We were united! We were mindful of consumer need and respectful of our collegues regardless of their areas of preferred practice! We were not threatened, we did not lobby for policy positions of power nor for domination. We consulted with each other and referred to each other when referrals went beyond our areas of self assessed competency. Clients paid the fee! This is how it needs to be! No more no less.

        I use to extend a high level of goodwill and refer to collegues but allas this was NEVER reciprocated so now I refer to psychiatrists for diagnostic assessments, reports etc and maintain my clients! I receive many many referrals via past client and GP recommendation and I am truly humbled and honoured.

        1. PS.. I know I keep referring to the past but in my opinion emerging psychologists with, what seems to me, discreet loyalties and alliances only to specific categories rather than the whole of the APS membership ie the profession of Psychology in Australia, need to be aware that the landscape that informed the expertise of their collegues pre PBA was very different. Dismissing us as incompetent and belittling those of us with no endorsenent is in my opinion defamatory. In my opinion APS College membership does not qualify you for Medicare tier funding it is the PBA endorsement criteria that Medicare is guided by! Correct me if I am wrong. APS membership IS NOT MANDATORY.

          Those of us who remain unendorsed or who are not clinical members can potentially leave the APS if it does not begin to advocate on behalf of ALL THE MEMBERSHIP EQUALLY. Is the APS prepared to loose its membership majority? Imagine the loss of revenue!

          Peter I dont know if you can recall many years ago the APS had a Division of Independently Practising Psychologists. There were specific requirements, resources and licensing fees you needed to purchase to advertise under the APS banner. Now its available to all as part of our membership fee. I still have my last certificate of membership. It was not a true member group because there was no member group list you could tap into as one can now as an APS College member. I cannot recall being consulted by APS pre the termination of this Division which was one of the many that members could join. This is what I had at the time decided to align with as I was working in independent private practice and engaged in clinical practice ie GPs, Psychiatrists, Pediatricians referred to me and probationary psychologists engaged with me for supervision to meet registration requirements!

          Thus I did not pursue that “academic master pathway” which in my opinion at that time was more targetted to progressing one into research and into the teaching of our trade. There was no alternative offered to me nor assistance re grandfathering into the new APS “College” framework as by default I suddenly did not qualify to apply for a masters as I had just missed out on the 10yr rule. I had commenced a Masters but I did not pursue because of personal reasons and it added NO VALUE as I had already been practicing in the area as a registered psychologist and was advanced in my application and theoretical knowledge having received direct training supervision and teaching via a state gov org invested in psychology!!!!! so I couldn’t justify the time and money just for “that piece of paper” .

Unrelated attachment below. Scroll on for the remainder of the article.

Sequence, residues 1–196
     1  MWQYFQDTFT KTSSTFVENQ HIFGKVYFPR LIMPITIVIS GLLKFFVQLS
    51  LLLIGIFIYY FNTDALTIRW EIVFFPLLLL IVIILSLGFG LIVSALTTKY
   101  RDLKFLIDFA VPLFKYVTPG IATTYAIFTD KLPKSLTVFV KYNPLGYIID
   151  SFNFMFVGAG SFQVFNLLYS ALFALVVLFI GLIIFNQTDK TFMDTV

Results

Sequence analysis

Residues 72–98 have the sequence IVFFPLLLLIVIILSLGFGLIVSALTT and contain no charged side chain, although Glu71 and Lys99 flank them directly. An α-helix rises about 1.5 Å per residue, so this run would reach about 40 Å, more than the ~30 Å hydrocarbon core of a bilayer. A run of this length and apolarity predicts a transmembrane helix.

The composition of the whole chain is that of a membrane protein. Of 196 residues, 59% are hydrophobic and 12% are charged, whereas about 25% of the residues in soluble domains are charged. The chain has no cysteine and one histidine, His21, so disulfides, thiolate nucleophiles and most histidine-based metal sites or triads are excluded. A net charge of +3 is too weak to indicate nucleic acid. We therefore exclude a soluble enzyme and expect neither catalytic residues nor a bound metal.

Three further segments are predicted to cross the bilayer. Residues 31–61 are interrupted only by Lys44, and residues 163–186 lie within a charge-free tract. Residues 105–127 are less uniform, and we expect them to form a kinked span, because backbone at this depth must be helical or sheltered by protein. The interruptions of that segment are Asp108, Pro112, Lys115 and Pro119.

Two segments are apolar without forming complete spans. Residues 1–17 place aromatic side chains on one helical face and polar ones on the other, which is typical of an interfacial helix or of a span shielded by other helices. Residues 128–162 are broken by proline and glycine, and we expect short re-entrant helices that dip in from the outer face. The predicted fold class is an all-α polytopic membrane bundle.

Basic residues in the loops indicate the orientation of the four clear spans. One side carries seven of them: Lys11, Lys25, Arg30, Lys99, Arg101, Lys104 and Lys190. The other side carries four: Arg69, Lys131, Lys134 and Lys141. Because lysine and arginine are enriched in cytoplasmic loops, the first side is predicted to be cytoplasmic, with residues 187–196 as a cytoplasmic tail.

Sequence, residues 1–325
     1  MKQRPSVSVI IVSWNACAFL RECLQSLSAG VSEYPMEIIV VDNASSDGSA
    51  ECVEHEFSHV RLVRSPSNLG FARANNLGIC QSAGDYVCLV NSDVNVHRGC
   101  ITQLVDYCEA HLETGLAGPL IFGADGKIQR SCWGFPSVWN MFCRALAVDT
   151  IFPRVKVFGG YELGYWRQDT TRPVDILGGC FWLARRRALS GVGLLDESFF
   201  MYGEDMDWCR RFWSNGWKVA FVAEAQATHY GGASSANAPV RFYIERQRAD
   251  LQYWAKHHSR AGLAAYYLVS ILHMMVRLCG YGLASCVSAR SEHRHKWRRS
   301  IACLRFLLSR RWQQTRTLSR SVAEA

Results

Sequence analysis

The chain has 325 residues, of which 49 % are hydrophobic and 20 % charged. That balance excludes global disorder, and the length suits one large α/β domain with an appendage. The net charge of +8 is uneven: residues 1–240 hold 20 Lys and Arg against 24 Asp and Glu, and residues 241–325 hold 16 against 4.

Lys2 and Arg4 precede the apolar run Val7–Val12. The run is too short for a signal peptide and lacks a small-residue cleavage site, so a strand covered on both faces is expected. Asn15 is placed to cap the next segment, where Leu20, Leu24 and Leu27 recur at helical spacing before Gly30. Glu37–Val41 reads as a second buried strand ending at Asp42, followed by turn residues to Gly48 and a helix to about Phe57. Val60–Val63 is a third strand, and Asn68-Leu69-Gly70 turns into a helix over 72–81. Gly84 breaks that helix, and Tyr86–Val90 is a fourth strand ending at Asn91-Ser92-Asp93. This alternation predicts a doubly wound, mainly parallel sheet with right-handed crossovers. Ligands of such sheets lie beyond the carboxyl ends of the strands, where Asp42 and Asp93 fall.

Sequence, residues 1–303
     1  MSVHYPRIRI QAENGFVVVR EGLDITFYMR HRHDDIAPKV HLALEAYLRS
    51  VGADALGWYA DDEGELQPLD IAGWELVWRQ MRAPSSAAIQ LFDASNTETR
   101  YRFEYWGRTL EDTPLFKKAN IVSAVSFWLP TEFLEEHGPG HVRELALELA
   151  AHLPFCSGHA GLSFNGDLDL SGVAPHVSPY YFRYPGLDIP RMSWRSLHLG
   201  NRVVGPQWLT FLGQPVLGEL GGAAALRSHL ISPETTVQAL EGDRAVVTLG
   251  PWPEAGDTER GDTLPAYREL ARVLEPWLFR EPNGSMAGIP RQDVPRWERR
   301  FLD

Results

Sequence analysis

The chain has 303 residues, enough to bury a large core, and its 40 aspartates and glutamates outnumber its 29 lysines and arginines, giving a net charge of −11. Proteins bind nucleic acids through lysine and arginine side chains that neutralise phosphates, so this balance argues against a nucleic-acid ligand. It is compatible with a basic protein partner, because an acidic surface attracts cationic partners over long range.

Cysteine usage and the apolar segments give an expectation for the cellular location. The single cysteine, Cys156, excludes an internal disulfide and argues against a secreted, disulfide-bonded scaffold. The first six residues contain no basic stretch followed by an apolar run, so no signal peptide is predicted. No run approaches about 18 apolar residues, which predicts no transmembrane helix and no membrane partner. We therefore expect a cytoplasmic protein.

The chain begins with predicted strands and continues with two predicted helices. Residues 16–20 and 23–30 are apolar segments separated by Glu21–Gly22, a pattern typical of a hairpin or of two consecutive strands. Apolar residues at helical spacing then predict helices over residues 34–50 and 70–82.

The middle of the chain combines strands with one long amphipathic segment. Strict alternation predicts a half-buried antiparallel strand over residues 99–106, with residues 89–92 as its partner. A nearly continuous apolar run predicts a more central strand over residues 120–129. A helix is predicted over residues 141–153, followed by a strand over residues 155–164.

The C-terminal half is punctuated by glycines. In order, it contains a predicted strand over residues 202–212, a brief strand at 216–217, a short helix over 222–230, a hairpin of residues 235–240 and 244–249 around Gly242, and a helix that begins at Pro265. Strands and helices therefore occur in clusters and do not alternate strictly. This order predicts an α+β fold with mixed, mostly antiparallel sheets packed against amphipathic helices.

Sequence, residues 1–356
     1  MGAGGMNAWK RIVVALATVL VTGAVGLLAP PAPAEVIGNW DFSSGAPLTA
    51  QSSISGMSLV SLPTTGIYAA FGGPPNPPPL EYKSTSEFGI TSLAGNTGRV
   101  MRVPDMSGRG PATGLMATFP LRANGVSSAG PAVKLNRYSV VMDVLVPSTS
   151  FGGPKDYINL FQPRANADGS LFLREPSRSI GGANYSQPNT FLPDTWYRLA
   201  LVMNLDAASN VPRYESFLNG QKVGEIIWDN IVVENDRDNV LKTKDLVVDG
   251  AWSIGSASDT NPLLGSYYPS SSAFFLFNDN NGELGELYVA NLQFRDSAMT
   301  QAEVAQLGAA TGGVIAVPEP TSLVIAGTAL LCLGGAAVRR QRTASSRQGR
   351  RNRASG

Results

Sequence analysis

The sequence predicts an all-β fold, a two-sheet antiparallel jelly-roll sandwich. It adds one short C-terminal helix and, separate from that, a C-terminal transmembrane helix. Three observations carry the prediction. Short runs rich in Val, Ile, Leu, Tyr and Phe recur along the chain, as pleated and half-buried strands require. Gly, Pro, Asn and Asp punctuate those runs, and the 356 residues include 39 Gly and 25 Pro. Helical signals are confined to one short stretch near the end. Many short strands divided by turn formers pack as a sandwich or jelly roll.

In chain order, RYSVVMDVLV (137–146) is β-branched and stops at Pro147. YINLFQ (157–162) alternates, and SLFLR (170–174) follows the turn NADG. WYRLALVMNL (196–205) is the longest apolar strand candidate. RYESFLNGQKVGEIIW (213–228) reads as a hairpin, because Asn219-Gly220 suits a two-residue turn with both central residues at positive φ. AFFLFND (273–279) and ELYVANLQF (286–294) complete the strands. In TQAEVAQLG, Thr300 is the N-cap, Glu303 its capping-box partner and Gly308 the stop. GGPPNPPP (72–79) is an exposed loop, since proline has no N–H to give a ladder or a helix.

In Victoria, I dont know about other State, the APS still “funds” the Private Practice Working Party (PPWP) to present seminars for members in private practice and from time to time provide free movie tickets for screening of “topical” movies. This is not a member group one can “join” as it is not part of the APS interest group list. Correct me if I am wrong. I wonder if this was connected to the Division I mentioned above?

          Why was there no APS College of Independently Practicing Psychologists or its equivalent transitioned to PBA for endorsement of those 4+2s who at that time had undertaken a rigorous 2yr probationary period in meeting the requirements of the State registration legislation and in my case was continued accessing supervision from senior psychologists for many years beyond this as a requirement of my ongoing employment in the field; in addition to CPD offered via APS because pre PBA all PD for APS members needed to be APS accredited! A huge investment of money! The APS had a monopoly on training.

          Why did the APS not advocate for their members with no colkege affiliation to not be deemed “non endorsed” within their chosen areas of “demonstrated” practice over the many years just because they didnt have that Masters (as they had advocated for their health and community college members) because in my case I certainly had the industry based training and supervision for many years post registration? I have been a continuous member since 1992 and rendered “non endorsed”! These discriminatory and defamatory practices within our profession must be redressed. regardless of our affiliation with any APS member group which includes the APS.

          The APS has represented itself as the peak body for psychologists in Australia and as such, in my opinion, the APS needs to advocate on behalf of all psychologists in Australia!